Having released his ninth studio album earlier this year, Collins discusses his creative journey and his drive to keep making music
'The album is nostalgic really, looking back to the Orange Juice days,' says Edwyn Collins of Badbea, his ninth studio album, and fourth since brain haemorrhages suffered at the beginning of 2005 nearly took his life. For those who don't know their Scottish pop history, Orange Juice was the mould-breaking indie group on Postcard Records which he fronted in the early 1980s. '[The song] 'Glasgow to London', it's about being on the train for the first time to London, a terrifying thought. Steven Daly, our [Orange Juice's] drummer, he wrote that, in 1979, Glasgow was a city lit only by fire.'
'I left Glasgow in 1980,' says Collins' wife and manager Grace Maxwell, also a Scot, who conducts interviews alongside him in order to mitigate the effects of the aphasia he still suffers, and which causes his words to come in short, sentence-long excerpts. Despite it all, though, there's an easy and quick humour between the pair; surely one of the most enjoyable-to-interview double acts in music. 'I didn't know Edwyn at that time, but there wasn't a lot going on in Glasgow. I tell you what, though, for somebody who says he's not nostalgic, there's a lot of looking back on this record.'
'It's true,' concedes Collins. The title of the album itself refers to an abandoned village (pronounced 'Bad Bay'; 'It's near the sea… ghostly…' he says) just up the coast from where the couple now live and have a studio in the northern Scottish village of Helmsdale. While they don't run it as a serious concern – Maxwell says the studio business isn't so strong these days – it houses the Edinburgh-born Collins' collection of vintage equipment, and as well as recording his own music, it's hosted friends including Teenage Fanclub and David Gray.
'Our house is 200 years old, my great, great, great, great grandfather built it,' continues Collins in his hesitant but gentle tone. 'The family were builders. I was delighted to move here. When I was eight years old, I first came here on holiday in the summertime. I love the place, and the beach, and there's loads to see. I'm into the birds and animals particularly, it's magic. For example, there are nesting ospreys and herons and suchlike. And the air is gorgeous.'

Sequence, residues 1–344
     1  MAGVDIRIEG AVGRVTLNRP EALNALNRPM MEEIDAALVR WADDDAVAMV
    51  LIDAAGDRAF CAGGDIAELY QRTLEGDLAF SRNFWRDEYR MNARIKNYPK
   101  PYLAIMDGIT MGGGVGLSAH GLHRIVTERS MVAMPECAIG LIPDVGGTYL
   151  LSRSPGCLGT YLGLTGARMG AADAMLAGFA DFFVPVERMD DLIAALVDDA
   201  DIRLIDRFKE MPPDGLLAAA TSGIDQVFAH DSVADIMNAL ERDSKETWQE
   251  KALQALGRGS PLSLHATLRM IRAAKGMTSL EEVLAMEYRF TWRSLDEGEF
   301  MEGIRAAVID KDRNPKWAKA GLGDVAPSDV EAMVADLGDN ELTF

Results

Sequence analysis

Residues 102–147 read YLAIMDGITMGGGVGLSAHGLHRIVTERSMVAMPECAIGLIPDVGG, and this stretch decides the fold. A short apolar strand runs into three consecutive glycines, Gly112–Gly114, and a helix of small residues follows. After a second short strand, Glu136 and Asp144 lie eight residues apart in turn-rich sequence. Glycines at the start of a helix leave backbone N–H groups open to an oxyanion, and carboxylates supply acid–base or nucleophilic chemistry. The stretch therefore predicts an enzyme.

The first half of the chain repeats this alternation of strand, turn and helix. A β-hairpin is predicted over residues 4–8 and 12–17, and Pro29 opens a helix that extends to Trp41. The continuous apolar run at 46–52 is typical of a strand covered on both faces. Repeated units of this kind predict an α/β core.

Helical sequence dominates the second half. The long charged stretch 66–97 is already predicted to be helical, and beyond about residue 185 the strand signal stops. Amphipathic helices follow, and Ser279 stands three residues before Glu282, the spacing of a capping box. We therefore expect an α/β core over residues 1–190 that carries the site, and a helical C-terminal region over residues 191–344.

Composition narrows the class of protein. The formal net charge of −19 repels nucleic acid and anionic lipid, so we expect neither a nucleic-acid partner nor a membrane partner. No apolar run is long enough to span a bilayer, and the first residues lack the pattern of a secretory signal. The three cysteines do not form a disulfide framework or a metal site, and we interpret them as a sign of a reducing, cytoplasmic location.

'It's good for the quality of life,' says Maxwell. 'For Edwyn's creativity too, that can happen anywhere – it can happen in a newsagent. I've never seen Edwyn struggle with that, he doesn't need to go and sit and wait for the muse to descend. He's slowed down a little bit, but there was a time when you knew he was always thinking of music, of lyrics.'
The couple finally moved to Helmsdale in 2015, although it didn't feel like much of a stretch, as it had been a home-from-home to them for many years, before and after the death of Edwyn's grandfather. Maxwell first visited in 1985, and they took charge of the place in the late 1990s, giving serious thought to the permanent move and the studio built from around a decade later. 'It's a magic place,' says Collins. 'Grace built it for me, it has parquet flooring, glass in the window. ('Glass in a window is very important!' points out Maxwell, to a snorted laugh from Collins; their conversation is like tennis). I mean, I miss my studio in London …'
'Do you?' she demands to know, with mock offence. 'This one's so much better than your London studio! So much less messy, for a start, and everything works. It's amazing. [Losing the old studio] wasn't a tragedy, because the world turns and the business changed. It was impossibly difficult for people to make records in those days, in the 1990s, unless you had loads of money and a major label. It's more democratic now, more accessible for people to be able to record.'
'I know that, you don't need to tell me,' says Collins, referring to the difficulty of getting an album made in the 1990s (although the decade bore his greatest hit, 1995's 'A Girl Like You'). 'But now I have my own vintage equipment … ' Although Maxwell's suggestion is that his previously obsessive level of songwriting has slowed, a lot of his effort now goes into practicing singing; his aphasia makes remembering lyrics just as difficult as finding his speech, but he can sing them at a natural pace because he spends so much time learning how to do it.
'He has to do more practice before he even gets together with the band,' she says. 'He works really hard to get the flow; people listen to him onstage and think, "speaking is difficult, but obviously singing comes naturally," but it's because he practices so much. There's a breakthrough point with each song, he just takes a while to get to it. He likes working a lot, but there is part of me that thinks, should we be …'
'… retiring?' chips in Collins, who has turned sixty since we spoke, with a mischievous laugh. 'After all, we're old people, I admit it! No, I think I'm maybe …'